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LaFrance%2C+M.+and+Rail%2C+G.+_2000_.+As+Bad+as+He+Says+He+Is

LaFrance%2C+M.+and+Rail%2C+G.+_2000_.+As+Bad+as+He+Says+He+Is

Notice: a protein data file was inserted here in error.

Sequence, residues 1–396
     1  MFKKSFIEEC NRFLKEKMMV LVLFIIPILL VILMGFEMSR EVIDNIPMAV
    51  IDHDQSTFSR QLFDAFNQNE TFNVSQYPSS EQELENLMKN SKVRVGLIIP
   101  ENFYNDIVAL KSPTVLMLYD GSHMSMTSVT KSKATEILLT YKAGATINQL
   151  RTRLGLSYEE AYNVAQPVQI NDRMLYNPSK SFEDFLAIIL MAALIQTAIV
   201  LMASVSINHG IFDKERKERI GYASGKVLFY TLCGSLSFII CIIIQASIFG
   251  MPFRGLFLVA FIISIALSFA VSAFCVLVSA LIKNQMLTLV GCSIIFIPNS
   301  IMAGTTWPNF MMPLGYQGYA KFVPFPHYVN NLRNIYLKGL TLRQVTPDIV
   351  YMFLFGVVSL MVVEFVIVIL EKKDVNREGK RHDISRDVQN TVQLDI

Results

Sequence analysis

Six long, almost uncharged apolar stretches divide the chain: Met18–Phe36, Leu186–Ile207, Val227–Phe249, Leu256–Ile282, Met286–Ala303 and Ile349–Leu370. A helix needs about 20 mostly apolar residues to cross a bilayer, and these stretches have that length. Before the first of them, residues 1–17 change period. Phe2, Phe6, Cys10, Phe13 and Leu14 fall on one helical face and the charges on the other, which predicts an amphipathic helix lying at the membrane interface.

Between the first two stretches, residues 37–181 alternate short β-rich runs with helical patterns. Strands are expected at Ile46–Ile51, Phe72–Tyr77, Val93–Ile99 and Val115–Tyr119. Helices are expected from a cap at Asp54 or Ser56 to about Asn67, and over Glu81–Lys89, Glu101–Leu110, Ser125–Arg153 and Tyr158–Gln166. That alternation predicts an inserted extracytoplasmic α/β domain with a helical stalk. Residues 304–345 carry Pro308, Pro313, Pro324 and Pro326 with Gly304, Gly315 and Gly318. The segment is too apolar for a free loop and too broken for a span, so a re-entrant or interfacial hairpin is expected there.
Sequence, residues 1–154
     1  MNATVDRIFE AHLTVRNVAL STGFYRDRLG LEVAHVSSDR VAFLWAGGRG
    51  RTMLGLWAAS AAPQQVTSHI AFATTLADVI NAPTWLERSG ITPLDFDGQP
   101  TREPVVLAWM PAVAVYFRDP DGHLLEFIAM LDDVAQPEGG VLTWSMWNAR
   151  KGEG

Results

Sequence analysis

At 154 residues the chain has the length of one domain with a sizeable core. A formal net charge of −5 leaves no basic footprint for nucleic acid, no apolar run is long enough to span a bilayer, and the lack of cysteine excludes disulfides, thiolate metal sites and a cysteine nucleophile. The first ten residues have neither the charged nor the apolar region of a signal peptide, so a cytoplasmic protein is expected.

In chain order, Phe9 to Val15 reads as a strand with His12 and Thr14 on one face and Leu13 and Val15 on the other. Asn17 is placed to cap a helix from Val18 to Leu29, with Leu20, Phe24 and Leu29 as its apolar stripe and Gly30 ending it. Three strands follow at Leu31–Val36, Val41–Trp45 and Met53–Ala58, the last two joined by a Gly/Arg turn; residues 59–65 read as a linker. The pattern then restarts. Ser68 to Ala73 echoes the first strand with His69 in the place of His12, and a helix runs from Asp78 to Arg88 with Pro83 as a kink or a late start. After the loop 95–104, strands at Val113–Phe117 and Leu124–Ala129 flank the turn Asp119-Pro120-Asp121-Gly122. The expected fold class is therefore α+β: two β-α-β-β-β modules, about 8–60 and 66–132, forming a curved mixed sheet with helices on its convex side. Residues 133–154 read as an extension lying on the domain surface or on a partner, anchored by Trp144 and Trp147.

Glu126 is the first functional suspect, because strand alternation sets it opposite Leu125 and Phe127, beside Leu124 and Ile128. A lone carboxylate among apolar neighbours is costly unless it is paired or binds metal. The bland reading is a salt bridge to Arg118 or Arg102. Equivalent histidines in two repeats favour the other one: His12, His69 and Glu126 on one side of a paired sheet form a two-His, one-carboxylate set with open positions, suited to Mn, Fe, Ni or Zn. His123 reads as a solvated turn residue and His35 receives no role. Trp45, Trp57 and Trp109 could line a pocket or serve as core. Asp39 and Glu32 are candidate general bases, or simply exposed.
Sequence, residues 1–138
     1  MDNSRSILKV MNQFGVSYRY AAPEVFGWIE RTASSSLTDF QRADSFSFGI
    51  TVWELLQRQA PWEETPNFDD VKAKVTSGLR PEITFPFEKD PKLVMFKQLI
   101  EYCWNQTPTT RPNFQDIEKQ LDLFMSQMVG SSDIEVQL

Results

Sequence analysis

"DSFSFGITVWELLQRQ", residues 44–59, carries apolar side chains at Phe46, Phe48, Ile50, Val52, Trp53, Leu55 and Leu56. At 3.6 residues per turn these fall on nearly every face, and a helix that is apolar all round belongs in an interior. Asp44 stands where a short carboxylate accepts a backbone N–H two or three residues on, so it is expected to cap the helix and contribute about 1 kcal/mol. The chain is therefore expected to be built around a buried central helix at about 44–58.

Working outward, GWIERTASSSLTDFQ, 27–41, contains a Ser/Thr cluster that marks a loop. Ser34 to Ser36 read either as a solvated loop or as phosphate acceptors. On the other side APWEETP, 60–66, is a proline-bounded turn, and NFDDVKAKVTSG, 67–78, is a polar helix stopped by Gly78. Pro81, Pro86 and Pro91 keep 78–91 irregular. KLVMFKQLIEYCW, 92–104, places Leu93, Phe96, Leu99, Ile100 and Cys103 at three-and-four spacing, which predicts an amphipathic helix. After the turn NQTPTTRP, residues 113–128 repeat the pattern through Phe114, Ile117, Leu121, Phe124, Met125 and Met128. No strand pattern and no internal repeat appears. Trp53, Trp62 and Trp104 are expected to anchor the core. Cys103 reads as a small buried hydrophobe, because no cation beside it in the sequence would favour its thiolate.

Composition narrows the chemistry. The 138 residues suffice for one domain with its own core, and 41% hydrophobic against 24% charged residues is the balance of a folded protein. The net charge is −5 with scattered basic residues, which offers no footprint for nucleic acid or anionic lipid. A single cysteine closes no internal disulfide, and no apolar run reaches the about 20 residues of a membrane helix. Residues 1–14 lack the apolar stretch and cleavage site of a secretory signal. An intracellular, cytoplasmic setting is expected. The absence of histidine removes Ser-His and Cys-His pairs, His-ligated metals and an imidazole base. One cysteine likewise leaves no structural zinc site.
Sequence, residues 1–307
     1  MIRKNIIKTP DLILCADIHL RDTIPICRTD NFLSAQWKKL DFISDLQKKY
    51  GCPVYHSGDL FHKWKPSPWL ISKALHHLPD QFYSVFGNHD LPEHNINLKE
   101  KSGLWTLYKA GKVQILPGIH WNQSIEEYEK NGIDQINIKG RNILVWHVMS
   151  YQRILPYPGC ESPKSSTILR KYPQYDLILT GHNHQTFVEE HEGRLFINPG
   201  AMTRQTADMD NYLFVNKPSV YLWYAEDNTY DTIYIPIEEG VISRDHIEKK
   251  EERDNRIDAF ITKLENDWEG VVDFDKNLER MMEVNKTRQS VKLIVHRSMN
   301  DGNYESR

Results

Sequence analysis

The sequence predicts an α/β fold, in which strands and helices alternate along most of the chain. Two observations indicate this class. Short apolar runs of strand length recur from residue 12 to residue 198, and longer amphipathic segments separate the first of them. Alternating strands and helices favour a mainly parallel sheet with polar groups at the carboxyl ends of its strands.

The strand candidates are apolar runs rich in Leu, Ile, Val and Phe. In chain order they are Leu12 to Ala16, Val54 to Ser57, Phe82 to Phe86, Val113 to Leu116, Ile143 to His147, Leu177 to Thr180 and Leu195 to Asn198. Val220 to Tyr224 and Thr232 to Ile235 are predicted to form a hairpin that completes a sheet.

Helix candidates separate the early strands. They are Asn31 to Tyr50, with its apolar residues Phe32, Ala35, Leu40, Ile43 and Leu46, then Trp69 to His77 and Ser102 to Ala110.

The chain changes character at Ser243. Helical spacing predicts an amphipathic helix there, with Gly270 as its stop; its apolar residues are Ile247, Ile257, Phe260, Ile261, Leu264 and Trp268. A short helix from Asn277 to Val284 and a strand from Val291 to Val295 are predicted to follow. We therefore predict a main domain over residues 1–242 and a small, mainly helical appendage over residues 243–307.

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Unformatted text preview: CRI'fICAL ESSAYS ON POWER AND REPRESENTATION Susan Birrell and Mary G. McDonald Northeastern University Press 33 O S T Q N "As Bed (15 He Says He Is?" strategies, that understanding Rodman’s self—presentations as vitally dis— ruptive elicits serious theoretical and conceptual dilemmas. “This Guy is Something Else!” Mtrlssa LAFRANCE AND GENEVIEVE RAIL foumalistsnssess theRodman Phenomenon Rodman is significant for daring not to be macho in a milieu that has demanded it. “As Bad as He Says He Is?” interrogating Dennis Rodman’s Subversive Potential “Steve Ioh risen Although varying in their degree of support for his public behavior, most journalists andlor consumers seem to construe Rodmau as in some way irreconcilably different from not only the sporting world in particu- lar, but the realm of popuiar culture in general. For the few journalists able to get beyond their simultaneous disgust and fascination with Rodman’s penchant for women’s clothing and his highly publicized visits to gay bars, the level of analysis remains enthusiastically cursory nonetheless. The Chicago Tribune, New York Times, and Sports Illustrated provide the most consistent sources of both coverage and commentary. In a lengthy and relatively analytical article, Chicago Tribune critic Steve John— son considers Rodman’s race, persona, gender, and his alliances to multi~ . national corporations. Disapprovingly, Johnson contends that Rodrnan’s _ cross—dressing is “the most calculated androgyny since David Bowie 3' vamped his way through the mid«197os” (1996, 1). Iohnson also concludes that this “calculated androgyny” has resulted in a peculiar celebration of 'Rodman, who has, since his relationship with Madonna, been “remade into a sort of postmodern [Peter} Pan” (i). Questioning the integrity of IRociman’s promotionai strategies, Iohnson stipulates: “The trouble with all of this is that Rodman the persona, a persona, it should be noted, borrowed from the gay nightclub Scene, is more interesting than Rodman "the personality. . . . just as putting him on a team less secure in itself liwouid reveai him to be a disruptive force, putting him on TV reveais him _._to be all action, and little talk” (2). After lamenting Rodman’s overwhelm- ,iug market appeal as well as his swelling television presence, lohnson con— tradicts the articie’s earlier assertion that “Rodman is significant for daring 0 Dennis Rodrnan has been and continues to be the subject of much- consideration in cultural studies {e.g., Barrett i997; Kellner i996“; Lafrance; and Rail 1997; McDonaid and Ailcens 1996). Rodman’s multitudmous pep; sonas and often unpredictable interaction with teievision media have been”: frequently characterized as disruptive, counter-cultural andfor generally. mysterious beyond intelligibility. indeed, according to many observers, Rodman has radically defied normative convention and conspired, mat—I tineg or unwittingly, to redefine representations of gender, race, and tie-- sire within the American cultural imaginary‘ (Barrett 1997; iefferson. 1997i:- lohnson 1996; McDonald and Aikens, 1996). in. this paper, we are inter-1 ested in elucidating the cultural and economic logics both underlying antiE propelling the Rodman sensation. in an attempt to resist binary formulations of the Rodman phenome; non, We will consider those elements of Rodrnan’s subjecuveproductions that may potentially challenge the culturai norms structuring an and” ence’s responses to him. We will argue, however, that Dennis Rodrnans extraordinary spectacular enactments produce and consolidate dominant fantasies of race, gender, and desire, and are therefore only problema’u- cally subversive. We will show, by means of a critical overv1ew of emsung literature as well as an analysis of Rodman’s most important promotion 7’4 75 MtLlsse LAFRANCE AND GENEVIEVE RAIL H As Bocl as He Says He is?" not to be macho” through his critical chronicling of one of the more disturbing Rodman exploits: attributes this particularly harsh treatment of Rodrnan to social prejudices. She keenly observes that Dennis comes out wearing a nurse’s uniform and the crowd hoots and hollers as if it were still novel for Rodman . . . to wear a dress. Dennis tells a self-described sports widow to “after the game is over, jump his bones, dariin.” The crowd whoops as if it had just heard Dorothy Parker reincarnate. Dennis walks around pushing his stethoscope into women’s breasts, he’s a medicai professional check- ing their hearts don‘t you know, and the crowd cheers for what would get one of these women’s coeworlcers a black eye, a pink slip and a visit from flashing blue lights. (3) only since he began talking about bisexuality and dressing up in campy costumes . . . have people been . . . tossing around words like “psychopath.” Would there be so many armchair psychiatrists if Mr. Rodman’s on~court bullying weren’t accompanied by all that off» court crosswdressing and bisexual teasing (those transgressive acts of gender—bending, as academics like to say)? (€13) And indeed, lefferson (1997) notes, Rodman has gone further than just bisexual teasing. He has discussed his homosexual fantasies as Well as the erotic energy that permeates “even the most heteroscxual” ((313) men’s locker rooms. Jefferson does not make Rodman out to havestranscended sexism or machismo, astuter observing instead that Rodman is the “first star athlete to successfully wed heterosrzxual macho to drag queen chutr— pah” (Czo). While not as contradictory as Iohnson’s (i996) evaluation Jefferson appears to havo difficulty reconciling the paradoxical elements oi Rodman’s self-presentation and opts, finally, to celebrate him as America’s . “man of the moment.” The seemingly contradictory nature of both the aforementioned - events and their journalistic assessments highlights the dilemma encoun~ tered by observers attempting to make sense of the Rodman craze In fact, Rodman’s persona appears to be predicated on the exploitation and reproduction of dominant norms and codes, while paradoxically recog— nized as rebellious and intelligently nonconformist. Our essay endeavors I to address this contradiction in an attempt to understand how the appar- ently incongruous constituents of Rodman’s success seem to at once ef— floresce and limit his subversive agency. That is, Rodman’s enactments of marlcetabie difference” (Keilner 1996, 459) may indeed destabilize the American semiotic in positively oppositional ways by, for example, main— streaming superficial aesthetic transgressions such as cross-dressing 2 :liOWever, the white, male supremacist and heterosexist fantasies mobi— lized by Rodinan in order to produce and sustain the popularity of his spectacles reinforce problematic events such as the exoticization of the black sporting body, the commodification of black struggle and the mythi— Even despite Johnson’s sometimes scathing criticism of Rodrnan’s .- antics, he, like almost ail other critics, nevertheless credits Rodman for his progressive politics. )ohnson concludes paradoxically: Off court, he is an important symbol . . . the first male athlete to gain fame for his willingness to break professional sports’ macho code. . . . It is not so much the dress or the nail polish the kids are responding to as the thumb in the eye to convention they represent. . . . The idea that the nation’s cuimde—sacs are populated by prepubes- cent boys who now idolize, for whatever reasons, a sometimes drag queen is both amusing and a relief to those who believe we ought to get going on that testosterone temperance plan. (5} Using a slightly different approach, New York Times critic Margo )ef—_ " ferson (1997) provides an interesting consideration of Rodman’s impact 1' on and engagement with popular culture, calling Rodman a “{feat] of _' stylistic engineering” (C13)..Male athletes, according to Jefferson, have: long been known for their tempers and violent tendencies on and off the: court. However, she states, “few of them {have been} reprimanded quite" as sternly or smugly as Mr. Rodmau” (C13). Not only do both opposing. team members and referees often set out to aggravate Rodman, but Chili: cago Bulls management has actually made psychiatric counseling a prereq uisite for Rodman if he hopes to continue playing basketball. lefferso " 76 77 MELlSSE LAFRANCE AND GENEVEEVE RAiL fication of black physicality (both sensual and sexual). Therefore, our analysis considers Rodman’s selprrornotional strategies, as well as the in- tended and unintended discursive effects they produce. Sex/Gender Reconsidered? Dennis Rodman and the Politics of Identity Drag and the Limits of Subjective Agency When journalists, critics, and consumers proclaim that Dennis Rod- man is “something else” (Barrett 1997, 106), they are often referring, at least in part, to his enactments 0f dominant femininity. McDonald and Aikens’s (1996) work is one of the most comprehensiVe academic analyses of Rodrnan’s persona and the politics of his representation. McDonald and Aikens write: We consider professional basketball player Dennis Rodi-man’s ever- changing mediated persona as a disruptive force to the ethos of het- eronormativity. Specifically, we explore the way Dennis Rodman’s appropriation of queer prairie serves to critique dominant hetero- sexist and gender ideologies by destabilizing binary gender codes. (1996. 97) These authors suggest that popular representations of Rodrnan’s crosswdressing and his homoerotic interests can work to render intelligib the “fluidity” and “artificiality” of sexual and gender categories, while revealing how masculinities and sexualities are “malleable” systems open-I to individual and cultural contestation. The latter implies that genders are theatrically performed: That is, not enact their culturally prescribed genders. in fact, (1994), those who cross-dress are 0 mutability of gender identities and, by extens hauling such identities. standing gender as an instance of theatrical performativity: according to Harper The positing of such an accomplishment is potentially appealing for at least two closely related reasons: (1) it imputes to {drag queens] an 78 subiects have the ability to either enact or; ften seen as bringing into relief the ion, the possibility of over—j} Harper explicates the problematic allure of undeer "As Bod as He Says He is?“ expanded agency whereby they seem to alter apparently fundamental elements of social experience; and it (2) thus recuperates those same personages as active producers not only of political critique but of significant socialwstructural change. (91) For Harper (1994), then, to insist on the subject’s ability to effect voiuntaristic identity OVerhauls is to become polemically implicated in illusory cultural logics of liberalism and individualism. Indeed, this insis— tence is seductive as the imagined presence of such agential possibilities _ signals the success of contemporary liberalism and its corresponding proj- ect of providing the individual—and especially the disenfranchised indi— vidual—with the tools necessary to shape and determine her own destiny Harper points out, however, that the latter is questionable. Indeed to effect a veritable identity overhaul implies that one not only,reconstructs her own identity, albeit using always already contaminated psychic re- sources} but that others attribute the same presumably positive meanings to the overhaul as does she. We would argue, in fact, that rareis the instance wherein agents of mainstream society attribute positive meanings to acts of gender subversion and/or other forms of identity overhaul. More frequently than not, those who “misperforrn” their prescribed gear tiers are confronted by many different and often dangerous manifestations of cultural disapproval (Bartky 1993; Bordo 1993; Butler 1989). For example Jefferson (1997) illustrates that Dennis Rodman has also borne the bruni of cultural disapproval for his gender transgressions. Indeed, to both mon- itor and subdue his apparently undesirable aesthetic tendencies, Rodman has had to undergo mandatory psychiatric consultation at the request of the Chicago Bulls’ management. Thus, that which may be considered by an individual in drag as exposing the malleability of gender could be and often is, simultaneously represented in the popular as symptomatic of :rndrvtdual pathology. In view of such constraints on subjective agency and, contrngeutly, the conditions of its reception, it seems implausible to contend that gender identities are uncomplicatedly plastic or malleable. Harper (1994) also notes that when viewing drag queens as “active P}:0(lllC:rS not only of political critique but of significant social—structural .c ange (91), one must closely inspect the scope of these individuals’ subw jectrve agency. While it may indeed be possible for an individual to subvert 79 MELISSE LAFRANCE AND GENEVIEVE RAIL "As Bod as He Says He Is?" Indeed, Barrett posits that Rodrnan’s cross-dressing “wields an icono» elastic critical remove” (112) and that it “dismisses the relevance of sani- - wry normativity” {106). Barrett bases such a proposition on both Rodman’s public spectacles and statements like the following in his first book, Bad as I Went to Be: norms of gender, sexuality, and desire microcosmicaily (i.e., Within the .- realm of her own everyday life), it does not necessarily follow that this :, agency extends into all {or even most} facets of the public sphere.‘1 We 1 argue that the decidedly “public” nature of the violences5 inflicted upon those who reject and subvert dominant norms of gender, sexuality, am} desire seriously undermine the individuals subjective agency as regards identity overhaul. One’s ability to refashion her identity in her own image ' rarely reaches the point of veritable subversion when such refashioning is frequently policed, interrupted, and/or suppressed by public structures designed to maintain dominant cultural processes. To posit that such sub~ versive performances can lead to unrestricted identity overhauls elides the systematic power of public apparatuses working to maintain and consoli— date dominant discursive regimes. In light of the aforementioned, Rodman’s mandatory psychiatric counSeling and his comparatively stern disciplining by NBA referees might be seen as a particularly apt illustration of how Rodman’s ability to “dis rupt binary gender codes” (McDonald and Aikens 1996, 97) through “drag queenesque” performances is impelled by the meanings others impute to his enactments and the limits of his subjective agency in the public sphere. Nevertheless, Butler {1993a, 1993b} and Harper {1994) both posit that drag does indeed serve a critical function. That critical function, however, is not related to exposing the essential plasticity of gender. Instead, drag’s veritable subversive edge lies in its ability to expose “the mundane psychic and performative practices by which beterosexualizecl genders form them- selves through the renunciation of the possibility of homosexuality. . . . Drag thus allegorizes heterosexual melancholy” (Butier 1993a, 25). i paint my fingernails. i coior my hair. I sometimes Wear women’s clothes. I want to chalienge people’s image of what an athlete is sup— posed to be. I like bringing out the feminine side of Dennis Rodman. . . . To hang out in a gay bar or put on a sequined halter top makes me feei like a total person and not just a onemdimensional man. (Rodman 1996, 208; emphasis added) I While we concur with Butler’s (1993a, 1993b) contention that drag can potentially ailegorize the production of normative identities, we hesitate to embrace Barrett’s enthusiasm regarding the “iconoclastic” and/or dis- ruptive effects of Rodinan’s cross-dressing. Admittedly, Rodrnan’s trans— vestite activities encourage the NBA in particular, and basketball fans in general, to confront a player who neither looks nor acts like the rest of the piayers. This, however, does not necessarily foreordain Rodrnan’s cross— dressing as interrogative of either gender categories or professional sport’s gendered economies. We propose, therefore, that construing Rodrnan as veritably disruptive to dominant gender codes is problematic on three counts: (at) Rodman’s crossmdressing strategies rely on heteronorrnative formulations of gender and thus exploit and confirm male supremacist formulations of femininity; (b) Rodrnan’s comportment, whether in or out of drag, is frequently aggressive, sexist, and/0r sexually violent, and therefore reproduces dominant modalities of masculinity; and (c) Rod— rnan’s cross—dressing does not veritably confuse perceptions of his sex] gender identity and therefore has little implication for the maintenance and resulting privilege of his dominant masculine persona. First, let us consider how Rodrnan’s cross-dressing strategies rely on normative gender binaries and thus exploit and confirm maie supremacist formulations of femininity. McDonald and Aikens {1996} insist that Rod~ man mobilizes “queer praxis” to “critique dominant heterosexist and gen- der ideologies” (97). To understand the implications of the previous Rodman in Drag: Illusions of Disruption / Articulations of Heteronormatiyizy It’s hard for men especialiy to deal with my cross—dressing and my ef~ feminate tendencies, but that’s not my probiern. Guys, here’s a secret: Chicks absolutely love it. Believe me, I know. ~Dennis Rodmcm Much like McDonald and Aikens (1996), Barrett (1997) also views Rodrnan as a disruptive force vis—a—vis regimes of gender and sexuality. 80 ST MfiiISSE LAFRANCE AN?) GENEVIEVE RAEL statement, a working definition of “queerness” might be instructive. Dow (1993) argues that, fundamentally, “queerness should challenge and con- fuse our understanding and uses of sexual and gender categories” (xvii), If one accepts that queerness relates to the agitation of normative identity categories, then it becomes difficult to reconcile Rodman’s behavior with things queer. This difficulty arises, first and foremost, because Rodman’s crossudressing strategies are undergirded by both the “male gaze” and many male supremacist stereotypes associated with ideal femininity. For Rodman, “doing” femininity includes painting his nails, shaving his leg, and wearing short skirts, wedding dresses, lingerie, and excessive jewelry {Jefferson 1997; Kiley 1996; Luscombe 1996; Rodman i996, 1997; Seal 1995), indeed, as revealed in his two books and his numerous spectacles, Rod- man’s appropriations of the feminine appear to rely wholly on aesthetic exaggerations of culturally sanctioned femininity. Contrary to McDonald and Aikens’s stipulation, then, Rodrnan’s behavior does not seem to dis- ._ arm normative gender binaries. We argue that Rodrnan’s behavior is neither culturally dismncerting. nor individually unnerving precisely because it refuses to “challenge and. confuse our understanding and uses of sexual and gender categories.” If. anything, Rodrnan’s performances confirm male supremacist formula-5 tions of femininity while encouraging admittedly conservative audiences to consume banal spectacles of gender transgression. These seemingly an“; expected acts of consumption are permissible, even profitable, in the an drocentric world of professional sports only insofar as Rodman’s “true”: gender identity remains unquestioned. Insofar as Rodman’s masculinity: remains intact, his spectators are encouraged to consume “acceptable” and marketable forms of difference without being asked to rethink and' obscure their own conceptions of gender. Second, let us consider how Rodrnan’s comportment, whether in or: m :3 out of drag, is frequently aggressive, sexist, and/or sexually violent, therefore reproduces dominant modalities of masculinity. Rodman’s base; ketball career to date has resulted in numerous suspensions, most of. which were attributed to head—butting, kneeing, elbowing, and attacking nonplayers such...